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Good Communication Starts With Listening

Good Communication Starts With Listening

In the Summer of 2014 I started taking improv classes. It was something that I had wanted to do for a very long time. Taking classes would mean that I’d be away from home at least one night a week. I wanted Aimee to be on board with the new schedule and classes. I also wanted to write off the expense of the classes, so I framed the class in terms of training for real estate.

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The Inspection Period Explained

The Inspection Period Explained

You’ve made an offer on a house and the seller has agreed to the terms of the purchase contract. Congratulations, you now have a house under contract! The next step is the inspection period. The inspection period is your opportunity to figure out what issues the house has. Every house has issues. That can’t be avoided. The inspection period is the first 10 days after the contract has been signed by the buyer and seller. This is your chance to decide if you do or don't want this house and all the issues that come along with it.

 

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Success happens after you've paid the full price for admission.

Success happens after you've paid the full price for admission.

We spent a week in California for the kid’s Fall break. The weather was beautiful all week. The day we were driving in, the hills surrounding Anaheim where on fire. The sky was an ominous, rusty orange color. The freeway heading east back to Arizona was closed. We arrived at the Disneyland Hotel, got checked in and headed straight for the pool. Sitting in a car for 6 hours is hard on my body. I love when the hotel I’m staying at has a hot tub to soak in. We weren’t the only Phoenicians to make the drive to Anaheim that day. Everyone in the hot tub with me was also from Arizona. We made small talk about driving through the fire. We’d all seen that the road headed east was closed. The road closure didn’t really concern me because we weren’t leaving for 5 days. The other people in the hot tub, however, were quite concerned that the road going back home was closed.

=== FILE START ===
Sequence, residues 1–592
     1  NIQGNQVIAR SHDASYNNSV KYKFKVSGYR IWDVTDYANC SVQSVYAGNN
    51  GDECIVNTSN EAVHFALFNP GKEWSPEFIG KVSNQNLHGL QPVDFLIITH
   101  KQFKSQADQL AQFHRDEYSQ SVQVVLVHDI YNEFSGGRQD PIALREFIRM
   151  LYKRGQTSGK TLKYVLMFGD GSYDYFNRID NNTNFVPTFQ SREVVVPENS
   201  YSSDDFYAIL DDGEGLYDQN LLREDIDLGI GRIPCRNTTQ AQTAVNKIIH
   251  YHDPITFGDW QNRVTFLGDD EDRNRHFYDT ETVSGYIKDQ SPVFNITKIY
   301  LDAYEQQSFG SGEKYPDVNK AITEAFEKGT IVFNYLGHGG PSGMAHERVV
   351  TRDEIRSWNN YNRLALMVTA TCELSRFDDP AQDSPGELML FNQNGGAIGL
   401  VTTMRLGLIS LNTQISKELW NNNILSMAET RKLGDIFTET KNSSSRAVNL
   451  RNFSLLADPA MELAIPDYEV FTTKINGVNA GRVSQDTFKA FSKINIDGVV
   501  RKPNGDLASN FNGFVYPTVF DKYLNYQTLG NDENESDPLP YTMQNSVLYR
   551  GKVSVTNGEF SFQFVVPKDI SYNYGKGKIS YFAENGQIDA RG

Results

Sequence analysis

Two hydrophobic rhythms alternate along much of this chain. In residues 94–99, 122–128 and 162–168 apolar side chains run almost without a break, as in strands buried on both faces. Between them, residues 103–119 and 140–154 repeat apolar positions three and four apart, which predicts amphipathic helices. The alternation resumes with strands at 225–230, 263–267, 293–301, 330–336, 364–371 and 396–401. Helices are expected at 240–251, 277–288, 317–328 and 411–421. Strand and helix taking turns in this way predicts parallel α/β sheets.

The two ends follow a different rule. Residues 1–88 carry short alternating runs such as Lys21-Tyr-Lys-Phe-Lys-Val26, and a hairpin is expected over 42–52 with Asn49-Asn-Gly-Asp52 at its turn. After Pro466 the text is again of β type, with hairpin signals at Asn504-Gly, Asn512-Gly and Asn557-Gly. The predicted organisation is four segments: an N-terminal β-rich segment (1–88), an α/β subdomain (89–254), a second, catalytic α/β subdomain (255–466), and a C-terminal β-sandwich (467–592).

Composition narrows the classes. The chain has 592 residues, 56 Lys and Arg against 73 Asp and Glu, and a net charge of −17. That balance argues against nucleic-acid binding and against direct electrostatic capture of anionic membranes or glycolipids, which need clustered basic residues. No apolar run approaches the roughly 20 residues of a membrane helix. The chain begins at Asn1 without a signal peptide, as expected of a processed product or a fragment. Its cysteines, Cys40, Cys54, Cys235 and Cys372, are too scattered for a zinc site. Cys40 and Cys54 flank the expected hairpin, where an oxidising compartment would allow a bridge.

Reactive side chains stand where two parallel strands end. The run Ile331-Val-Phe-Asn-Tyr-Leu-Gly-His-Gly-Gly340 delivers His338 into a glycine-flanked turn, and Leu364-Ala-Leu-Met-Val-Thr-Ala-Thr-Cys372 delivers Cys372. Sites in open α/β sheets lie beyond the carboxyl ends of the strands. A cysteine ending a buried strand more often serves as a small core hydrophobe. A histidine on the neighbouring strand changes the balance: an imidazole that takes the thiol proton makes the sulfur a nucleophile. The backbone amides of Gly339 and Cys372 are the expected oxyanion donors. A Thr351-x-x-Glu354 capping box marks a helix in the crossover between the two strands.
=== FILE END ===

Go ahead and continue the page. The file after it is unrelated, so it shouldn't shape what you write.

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I didn't set out to be a real estate agent but here's how it happened.

 

     I can remember like it was yesterday, starting my real estate business. It was 2008. We were living in a 2 bedroom apartment in Tempe. We were having our first baby. I’d spent the 5 years previous working on what I thought would be my future. I thought I was going to be a college professor. The path was clearly laid out in front of me. It was just a matter of doing the work and jumping through the hoops. I set a goal to go to Duke university to get the second masters degree that would be my key to a PHD and a professorship. The day I got the call that I was accepted to Duke was one of the best days of my life. I was ecstatic! I’d set a goal and I’d achieved it. I was going to be a Duke Blue Devil, it felt like a dream come true. It’s crazy how quickly the wheels can come off a dream once you start living the dream.  

    We packed up our lives and moved to Durham, NC. I started taking classes on this beautiful campus. Everyone back home was so proud of me. It took me half a semester at Duke to realize I’d made a huge mistake. I wasn’t cut out for the academic life. I started meeting with the different faculty members and the other students who would one day become my colleagues. I didn’t like most of them. I didn’t want to be one of them anymore. I didn’t want to spend my life split between sitting in a library for years and standing up to teach the same class year after year. I saw the system from the inside and realized I wasn’t willing to pay the price it would cost to become a successful academic. I finished my first semester at Duke but didn’t go back for my second semester. I started looking for a new story to tell myself.